A new billboard that will tower over Dallas' North Central Expressway on Monday offers a startling message: "8% OF DCCCD STUDENTS GRADUATE IN 3 YRS. IS THAT FAIR TO THE STUDENTS? TX ASSN OF BUSINESS."
DCCCD is the Dallas County Community College District. The Texas Association of Business is an advocacy group for Texas business owners that has made lagging graduation rates at the state's higher education institutions a pet issue.
In October, the group put up a similar billboard in Austin for one day that took on Austin Community College, saying "4% OF ACC STUDENTS GRADUATE IN 3 YEARS. IS THAT A GOOD USE OF TAX $? TX ASSOCIATION OF BUSINESS.”
"The general reaction was people were appalled," said Bill Hammond, the president of the association. However, several said framing the question in terms of tax dollars left them unmoved — thus the more student-centered approach in this latest effort. "It's more altruistic," Hammond said.
Hammond's group, along with the Texas Business Leadership Council and the Texas Higher Education Coordinating Board, have been encouraging the Legislature to adopt a higher ed funding system that incentivizes improving outcomes like graduation rates. So far, they have not been successful, though a bill passed in the most recent session mandated that outcomes-based funding proposals be presented in 2013.
"We want to raise the issue of completions in Texas," Hammond said. At stake, he said, is the quality of the state's workforce and, ultimately, its economic prosperity.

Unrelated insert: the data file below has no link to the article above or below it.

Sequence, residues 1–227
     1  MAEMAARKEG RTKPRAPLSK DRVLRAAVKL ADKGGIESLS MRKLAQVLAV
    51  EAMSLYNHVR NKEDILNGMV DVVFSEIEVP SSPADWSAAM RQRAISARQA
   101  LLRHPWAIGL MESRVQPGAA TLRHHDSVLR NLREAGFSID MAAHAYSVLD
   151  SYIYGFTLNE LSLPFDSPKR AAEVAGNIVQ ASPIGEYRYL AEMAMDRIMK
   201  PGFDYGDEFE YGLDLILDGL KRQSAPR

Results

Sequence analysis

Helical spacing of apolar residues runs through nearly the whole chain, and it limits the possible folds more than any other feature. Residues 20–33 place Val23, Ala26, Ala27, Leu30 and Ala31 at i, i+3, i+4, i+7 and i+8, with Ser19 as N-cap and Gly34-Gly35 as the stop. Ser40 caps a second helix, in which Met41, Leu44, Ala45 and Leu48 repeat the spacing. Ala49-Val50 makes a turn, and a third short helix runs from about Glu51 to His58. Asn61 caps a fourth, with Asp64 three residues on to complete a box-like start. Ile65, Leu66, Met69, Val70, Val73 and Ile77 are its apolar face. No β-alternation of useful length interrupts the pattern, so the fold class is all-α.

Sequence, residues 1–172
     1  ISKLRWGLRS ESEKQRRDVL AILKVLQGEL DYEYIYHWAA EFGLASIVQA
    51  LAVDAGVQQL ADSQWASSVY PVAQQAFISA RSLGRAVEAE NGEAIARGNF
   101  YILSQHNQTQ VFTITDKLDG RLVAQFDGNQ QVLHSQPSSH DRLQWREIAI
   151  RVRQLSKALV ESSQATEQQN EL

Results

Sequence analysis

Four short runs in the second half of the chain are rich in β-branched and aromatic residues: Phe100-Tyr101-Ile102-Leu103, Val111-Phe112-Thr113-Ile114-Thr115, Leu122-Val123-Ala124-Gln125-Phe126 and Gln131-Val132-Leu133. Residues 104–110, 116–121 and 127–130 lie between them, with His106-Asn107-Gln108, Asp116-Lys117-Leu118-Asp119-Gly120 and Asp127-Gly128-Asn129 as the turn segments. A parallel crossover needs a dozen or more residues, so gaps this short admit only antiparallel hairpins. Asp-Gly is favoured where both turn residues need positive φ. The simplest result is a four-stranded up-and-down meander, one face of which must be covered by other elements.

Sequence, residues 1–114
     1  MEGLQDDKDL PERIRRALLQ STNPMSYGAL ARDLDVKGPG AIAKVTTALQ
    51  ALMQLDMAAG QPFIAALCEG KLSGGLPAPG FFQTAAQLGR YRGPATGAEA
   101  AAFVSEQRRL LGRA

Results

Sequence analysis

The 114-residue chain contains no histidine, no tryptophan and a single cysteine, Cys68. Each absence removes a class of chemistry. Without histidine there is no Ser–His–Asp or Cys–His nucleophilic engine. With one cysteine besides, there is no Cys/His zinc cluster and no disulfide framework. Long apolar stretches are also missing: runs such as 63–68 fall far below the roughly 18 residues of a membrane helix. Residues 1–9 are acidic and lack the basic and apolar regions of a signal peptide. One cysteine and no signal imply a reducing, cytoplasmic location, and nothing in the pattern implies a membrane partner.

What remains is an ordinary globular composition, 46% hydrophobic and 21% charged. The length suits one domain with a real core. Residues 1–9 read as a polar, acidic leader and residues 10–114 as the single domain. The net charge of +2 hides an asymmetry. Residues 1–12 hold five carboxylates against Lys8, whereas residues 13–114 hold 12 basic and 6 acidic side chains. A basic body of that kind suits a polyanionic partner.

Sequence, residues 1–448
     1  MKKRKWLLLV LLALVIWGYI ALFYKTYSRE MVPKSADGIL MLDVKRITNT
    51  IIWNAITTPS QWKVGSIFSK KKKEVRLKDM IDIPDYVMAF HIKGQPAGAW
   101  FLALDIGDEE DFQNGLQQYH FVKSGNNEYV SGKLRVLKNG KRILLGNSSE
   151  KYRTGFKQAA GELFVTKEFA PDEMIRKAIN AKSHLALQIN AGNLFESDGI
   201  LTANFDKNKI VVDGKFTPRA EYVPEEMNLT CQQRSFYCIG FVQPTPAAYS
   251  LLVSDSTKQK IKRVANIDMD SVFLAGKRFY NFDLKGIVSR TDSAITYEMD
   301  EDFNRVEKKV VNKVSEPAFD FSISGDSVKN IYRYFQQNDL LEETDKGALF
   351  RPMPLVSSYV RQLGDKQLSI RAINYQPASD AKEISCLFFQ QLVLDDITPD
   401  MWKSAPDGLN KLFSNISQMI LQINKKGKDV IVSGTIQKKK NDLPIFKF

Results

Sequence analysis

According to a report from Complete College America, a nonprofit focused solely on boosting national college completion rates, for every 100 students who enroll in a public college or university in Texas, only seven will have graduated from a two-year college within four years, and only 13 will have graduated from a four-year institution within eight years.
"We're looking at a massive shortage of educated workforce unless we increase the productivity of education in Texas," Hammond said. "Overall, two-thirds of the jobs of the future will require some post-secondary degree or certificate."
But his message has received some pushback.
In his "President's Podcast" this week, ACC President Richard Rhodes addressed the issue of graduation rates, noting that the figures don't provide a comprehensive picture because they only count first-time, full-time students. At ACC, only about 5.5 percent of the student body matched that description and were measured in the graduation rate.
"People really have to understand the metrics and the data behind the metrics," Rhodes said in his podcast. "There's a much larger story when we think about community college students and what their intent is and why they come here."
Hammond is unsympathetic to assertions that the activity on community college campuses can't be measured; he calls it "complete BS."
Hammond said the Texas Association of Business hopes that by raising awareness through this campaign, graduation rates could rise as much as 60 percent. He said his group hasn't decided whether to erect similar messages in other parts of the state.
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